The Illusive Man had sent Kai Leng to do the job, in case you fail, but the assassin has actually outperformed your team (at least in his eyes), and decides that it is better that you went ‘M.I.A’, without his boss ever knowing.
Unfortunately for him, you manage to best him in combat, but your connection to TIM was sabotaged, and so the only way to make contact with Cerberus again is by visiting Sanctuary.

Upon encountering the horrors inflicted upon the refugees in Sanctuary, Shepard can no longer believe that the path TIM went on is justified. After being rebuked by members of his crew, the Commander finally decides that it is time to put an end to the current Cerberus leadership.
The attack on Cronos Station soon commences. However, when Shepard reaches The Illusive Chair, and kills Kai Leng, he finds out that thanks to the Prothean data from Thessia, Cerberus actually managed to complete its research of Reaper control mechanisms. Only three things are missing:

  1. The Crucible, which is being built by the Alliance.
  2. The Catalyst, namely the Citadel, which is where The Illusive Man is heading to at the moment.
  3. Someone willing to merge his mind with this technology, in order to utilize it.

Aware of TIM’s plan, Shepard rushes to get to the Citadel first, and ends up confronting him just one Mass Relay jump away. The Normandy is boarded by a Cerberus cruiser, that contains both troopers, and controlled Reaper units. Following a fierce battle, the Commander and his half-indoctrinated adversary engage in an argument over ‘how much is too far’.
To The Illusive Man, no sacrifice is too great, in order to ensure humanity’s survival.
For Shepard, sacrificing what humanity is, in order to survive, means the Reapers would win anyway.
There are no “mind control powers” involved in this scene. It is merely a test of Paragon and Renegade abilities, that can end in three ways:

  • Paragon: TIM submits his information to Shepard willingly, and is locked up where he can’t do any harm.
  • Renegade: Enraged, TIM tries to shoot Shepard, but is quickly overwhelmed. The Commander secures the location of the data out of him, before kicking him out the airlock.
  • Neither: TIM tries to shoot Shepard, who does not react fast enough. However, he is taken out by a squad member, and his secrets die with him. Your option of achieving the Control ending is gone.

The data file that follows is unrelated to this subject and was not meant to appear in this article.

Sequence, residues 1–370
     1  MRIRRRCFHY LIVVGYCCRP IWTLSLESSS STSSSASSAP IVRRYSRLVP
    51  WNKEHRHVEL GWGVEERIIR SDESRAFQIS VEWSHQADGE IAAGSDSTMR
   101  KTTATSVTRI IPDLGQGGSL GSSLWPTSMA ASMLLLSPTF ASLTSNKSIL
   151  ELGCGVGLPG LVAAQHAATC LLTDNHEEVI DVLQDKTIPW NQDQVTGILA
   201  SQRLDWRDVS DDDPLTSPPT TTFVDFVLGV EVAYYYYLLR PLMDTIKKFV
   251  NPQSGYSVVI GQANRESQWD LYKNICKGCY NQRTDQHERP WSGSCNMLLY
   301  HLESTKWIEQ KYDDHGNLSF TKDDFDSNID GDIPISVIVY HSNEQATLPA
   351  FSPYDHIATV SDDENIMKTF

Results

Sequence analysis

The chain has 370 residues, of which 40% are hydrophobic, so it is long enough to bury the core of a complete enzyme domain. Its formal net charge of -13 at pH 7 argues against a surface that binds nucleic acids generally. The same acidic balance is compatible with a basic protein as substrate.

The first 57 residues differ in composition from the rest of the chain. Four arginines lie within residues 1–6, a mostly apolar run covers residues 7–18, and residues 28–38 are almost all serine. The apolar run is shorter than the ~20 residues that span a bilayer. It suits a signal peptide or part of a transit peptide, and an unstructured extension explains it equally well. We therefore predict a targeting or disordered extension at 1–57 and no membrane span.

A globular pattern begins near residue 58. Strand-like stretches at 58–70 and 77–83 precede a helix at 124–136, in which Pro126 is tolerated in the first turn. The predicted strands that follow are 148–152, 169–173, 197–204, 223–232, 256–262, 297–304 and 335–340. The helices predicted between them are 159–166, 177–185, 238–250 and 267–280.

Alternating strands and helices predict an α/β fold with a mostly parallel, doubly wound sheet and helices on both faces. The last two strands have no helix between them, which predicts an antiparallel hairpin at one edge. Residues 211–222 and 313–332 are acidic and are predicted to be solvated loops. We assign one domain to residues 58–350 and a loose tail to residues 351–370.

Assuming the player has accumulated enough Paragon/Renegade points, he is now able to complete the Crucible, and combine its technology with that created by Cerberus. Then, learning from Anderson that Harbinger is personally overseeing the harvesting of Earth, the galactic fleet travels to Sol.

The battle of Earth begins in space, right around the Mass Relay at the edge of the system. Shepard gets to pick collected war assets in order to fulfill different tasks – like handling incoming Oculi fighter, or Reaper capitals. The purpose of this phase is to secure the arrival of the Crucible through the relay. Since imagination costs us nothing, imagine that you actually get to control the Normandy during this part, and blow stuff up with lots of pretty lights.
Once the first phase is over, and the Crucible makes the jump, more Reapers close in on the fleet. It is the moment of truth, as the technology developed by both Cerberus, and all the other races, is put to the test.
Everyone is holding their breath…

And the incoming Reapers stop. Putting a tremendous strain on the energy resources of the Crucible, they are turned around, to attack the next wave. A Reaper Vs. Reaper battle begins, rendered in a suitably awesome cinematic.
However, the moment of joy and victory is cut short, when Harbinger enters the picture. He immediately exhibits his ability to overpower the Crucible control, and leads his own cohort of Reapers towards it.
The fleets are mobilized again, and Shepard commands everyone – including the Normandy – to attack Harbinger, before he can reach the Crucible, and crush their hopes.
Again, your war assets are put to the test, and their usage during the mutual assault between the Reapers and the Galactic forces determines whether: